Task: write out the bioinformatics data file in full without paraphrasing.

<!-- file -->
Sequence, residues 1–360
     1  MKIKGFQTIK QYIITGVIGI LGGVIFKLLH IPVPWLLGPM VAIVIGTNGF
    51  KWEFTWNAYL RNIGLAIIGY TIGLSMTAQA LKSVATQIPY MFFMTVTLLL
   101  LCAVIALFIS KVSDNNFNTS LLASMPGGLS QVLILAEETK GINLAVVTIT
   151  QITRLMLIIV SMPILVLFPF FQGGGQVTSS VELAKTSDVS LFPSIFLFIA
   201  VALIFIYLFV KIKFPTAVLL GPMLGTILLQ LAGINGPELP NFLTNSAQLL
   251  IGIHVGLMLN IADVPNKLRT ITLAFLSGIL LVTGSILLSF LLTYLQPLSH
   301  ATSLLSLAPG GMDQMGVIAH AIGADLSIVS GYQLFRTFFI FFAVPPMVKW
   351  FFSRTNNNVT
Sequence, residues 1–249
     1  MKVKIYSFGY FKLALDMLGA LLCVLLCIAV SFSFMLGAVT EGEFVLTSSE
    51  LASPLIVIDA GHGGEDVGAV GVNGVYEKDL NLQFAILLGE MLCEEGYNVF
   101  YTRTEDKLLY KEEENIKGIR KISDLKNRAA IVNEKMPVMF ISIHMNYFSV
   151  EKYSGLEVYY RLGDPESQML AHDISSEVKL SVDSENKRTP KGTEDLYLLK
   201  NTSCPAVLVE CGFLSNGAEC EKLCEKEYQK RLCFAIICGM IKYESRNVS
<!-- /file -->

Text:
Sequence, residues 1–360
     1  MKIKGFQTIK QYIITGVIGI LGGVIFKLLH IPVPWLLGPM VAIVIGTNGF
    51  KWEFTWNAYL RNIGLAIIGY TIGLSMTAQA LKSVATQIPY MFFMTVTLLL
   101  LCAVIALFIS KVSDNNFNTS LLASMPGGLS QVLILAEETK GINLAVVTIT
   151  QITRLMLIIV SMPILVLFPF FQGGGQVTSS VELAKTSDVS LFPSIFLFIA
   201  VALIFIYLFV KIKFPTAVLL GPMLGTILLQ LAGINGPELP NFLTNSAQLL
   251  IGIHVGLMLN IADVPNKLRT ITLAFLSGIL LVTGSILLSF LLTYLQPLSH
   301  ATSLLSLAPG GMDQMGVIAH AIGADLSIVS GYQLFRTFFI FFAVPPMVKW
   351  FFSRTNNNVT
Sequence, residues 1–249
     1  MKVKIYSFGY FKLALDMLGA LLCVLLCIAV SFSFMLGAVT EGEFVLTSSE
    51  LASPLIVIDA GHGGEDVGAV GVNGVYEKDL NLQFAILLGE MLCEEGYNVF
   101  YTRTEDKLLY KEEENIKGIR KISDLKNRAA IVNEKMPVMF ISIHMNYFSV
   151  EKYSGLEVYY RLGDPESQML AHDISSEVKL SVDSENKRTP KGTEDLYLLK
   201  NTSCPAVLVE CGFLSNGAEC EKLCEKEYQK RLCFAIICGM IKYESRNVS